Flashback Friday: Closing the Books

Student studying with a slide rule, undated.

It’s hard to believe, but the 2018 fall semester is coming to a close. That said, we’re using this week’s Flashback Friday to wish all of our current Huskies the best as they head into finals week and to send out a hearty Michigan Tech Archives congratulations to those graduating this weekend.

People studying in the J. R. Van Pelt Library, circa 1960s.

We know it’s time to hit the books, hand in those last couple of projects, and complete those dreaded final exams before you can head home for the winter break and some much-needed rest. The end is in sight though, Huskies! One more week to go and then you can close the books on the fall semester. Good luck and may the odds be ever in your favor.

To all the Huskies taking part in the midyear commencement tomorrow, congrats and best wishes in the next chapter of your lives. Time to show off how crazy smart you are!

Commencement, 1958.

Flashback Friday: Bosch Beer

Showing off the 100,000th keg of Bosch beer, December 1955.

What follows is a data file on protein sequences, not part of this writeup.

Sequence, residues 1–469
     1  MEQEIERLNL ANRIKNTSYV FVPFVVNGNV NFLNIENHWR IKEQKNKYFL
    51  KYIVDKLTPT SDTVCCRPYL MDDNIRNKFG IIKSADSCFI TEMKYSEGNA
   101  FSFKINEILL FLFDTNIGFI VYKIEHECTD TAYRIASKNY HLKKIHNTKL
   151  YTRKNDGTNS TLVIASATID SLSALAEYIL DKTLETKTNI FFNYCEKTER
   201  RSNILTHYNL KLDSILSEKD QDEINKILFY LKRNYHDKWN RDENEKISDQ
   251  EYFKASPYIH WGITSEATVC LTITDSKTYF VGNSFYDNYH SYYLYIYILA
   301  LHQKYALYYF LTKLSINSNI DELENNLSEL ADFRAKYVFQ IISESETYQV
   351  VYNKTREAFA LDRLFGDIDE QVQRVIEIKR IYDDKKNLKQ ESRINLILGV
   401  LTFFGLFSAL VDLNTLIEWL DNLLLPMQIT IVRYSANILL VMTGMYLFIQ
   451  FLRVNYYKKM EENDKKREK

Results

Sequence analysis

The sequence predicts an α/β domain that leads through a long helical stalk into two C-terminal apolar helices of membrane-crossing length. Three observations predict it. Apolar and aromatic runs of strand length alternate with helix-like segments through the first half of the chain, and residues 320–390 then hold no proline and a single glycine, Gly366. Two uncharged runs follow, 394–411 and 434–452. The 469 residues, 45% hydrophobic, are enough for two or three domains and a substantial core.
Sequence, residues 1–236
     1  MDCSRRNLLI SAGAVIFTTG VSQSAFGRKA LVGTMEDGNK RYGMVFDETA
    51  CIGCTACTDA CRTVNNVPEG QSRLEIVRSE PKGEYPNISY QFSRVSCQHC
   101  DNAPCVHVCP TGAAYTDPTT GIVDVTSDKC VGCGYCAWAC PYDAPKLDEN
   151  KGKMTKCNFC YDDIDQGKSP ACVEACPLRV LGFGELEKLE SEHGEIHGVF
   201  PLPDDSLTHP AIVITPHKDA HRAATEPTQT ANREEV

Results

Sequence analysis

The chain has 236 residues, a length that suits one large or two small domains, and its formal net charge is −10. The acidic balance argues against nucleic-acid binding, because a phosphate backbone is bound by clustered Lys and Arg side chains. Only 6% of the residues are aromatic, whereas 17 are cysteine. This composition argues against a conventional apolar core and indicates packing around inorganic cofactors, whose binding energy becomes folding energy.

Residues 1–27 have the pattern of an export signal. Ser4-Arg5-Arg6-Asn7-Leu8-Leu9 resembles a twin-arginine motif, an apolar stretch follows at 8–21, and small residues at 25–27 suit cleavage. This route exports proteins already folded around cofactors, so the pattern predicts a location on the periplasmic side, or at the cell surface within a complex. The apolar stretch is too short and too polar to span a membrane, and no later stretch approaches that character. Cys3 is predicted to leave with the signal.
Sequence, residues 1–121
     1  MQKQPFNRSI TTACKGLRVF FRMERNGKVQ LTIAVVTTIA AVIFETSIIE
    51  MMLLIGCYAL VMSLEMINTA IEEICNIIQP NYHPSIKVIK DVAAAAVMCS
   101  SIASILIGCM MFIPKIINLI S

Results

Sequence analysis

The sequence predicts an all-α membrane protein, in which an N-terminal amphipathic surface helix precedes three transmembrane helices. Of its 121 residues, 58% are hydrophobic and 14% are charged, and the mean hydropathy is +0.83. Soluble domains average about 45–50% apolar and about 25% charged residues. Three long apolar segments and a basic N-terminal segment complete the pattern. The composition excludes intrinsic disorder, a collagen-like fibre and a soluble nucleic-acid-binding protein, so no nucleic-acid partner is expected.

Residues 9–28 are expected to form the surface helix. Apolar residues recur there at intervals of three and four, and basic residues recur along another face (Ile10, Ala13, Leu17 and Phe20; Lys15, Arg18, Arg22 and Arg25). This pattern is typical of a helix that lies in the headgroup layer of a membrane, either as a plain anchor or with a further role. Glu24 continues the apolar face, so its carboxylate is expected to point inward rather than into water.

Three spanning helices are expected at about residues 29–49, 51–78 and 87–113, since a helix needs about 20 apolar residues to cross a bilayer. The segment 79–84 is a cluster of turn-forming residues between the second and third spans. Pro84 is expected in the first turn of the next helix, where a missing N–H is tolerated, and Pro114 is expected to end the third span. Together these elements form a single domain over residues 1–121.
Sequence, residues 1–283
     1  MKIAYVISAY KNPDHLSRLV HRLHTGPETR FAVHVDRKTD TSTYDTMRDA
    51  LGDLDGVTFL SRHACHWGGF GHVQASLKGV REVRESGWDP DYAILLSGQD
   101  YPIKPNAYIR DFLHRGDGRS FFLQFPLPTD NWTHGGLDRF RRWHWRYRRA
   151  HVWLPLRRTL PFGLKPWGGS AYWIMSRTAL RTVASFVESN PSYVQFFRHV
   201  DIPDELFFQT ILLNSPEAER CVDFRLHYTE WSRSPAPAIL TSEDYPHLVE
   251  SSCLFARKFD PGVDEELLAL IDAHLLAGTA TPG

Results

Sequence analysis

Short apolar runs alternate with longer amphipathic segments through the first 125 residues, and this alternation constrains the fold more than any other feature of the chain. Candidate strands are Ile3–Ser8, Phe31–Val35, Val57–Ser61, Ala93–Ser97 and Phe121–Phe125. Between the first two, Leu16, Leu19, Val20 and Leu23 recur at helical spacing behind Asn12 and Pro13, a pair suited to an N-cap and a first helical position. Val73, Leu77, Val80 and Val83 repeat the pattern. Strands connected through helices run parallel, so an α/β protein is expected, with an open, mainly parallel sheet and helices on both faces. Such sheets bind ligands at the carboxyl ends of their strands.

Joseph Bosch, founder of the Bosch Brewing Company, had always yearned to enter the brewing industry. He had learned much from his father, a brewer in his native country of Germany, who had brought the family to Lake Linden, Michigan in 1867. A desire for more knowledge and experience led the young Bosch to Cleveland, Fort Wayne and finally Milwaukee, where he worked for the Schlitz brewery. He returned to Lake Linden in 1874, erected a small wooden building and began brewing operations as the Torch Lake Brewery, Joseph Bosch & Company. Bosch operated the brewery on his own for the first two years, but in 1876 admitted several men on a partnership basis. The company continued as a partnership until around 1894, when the reorganized firm issued stock under its new name, the Bosch Brewing Company. The company continued in operation for nearly a century, closing the last of its facilities in 1973.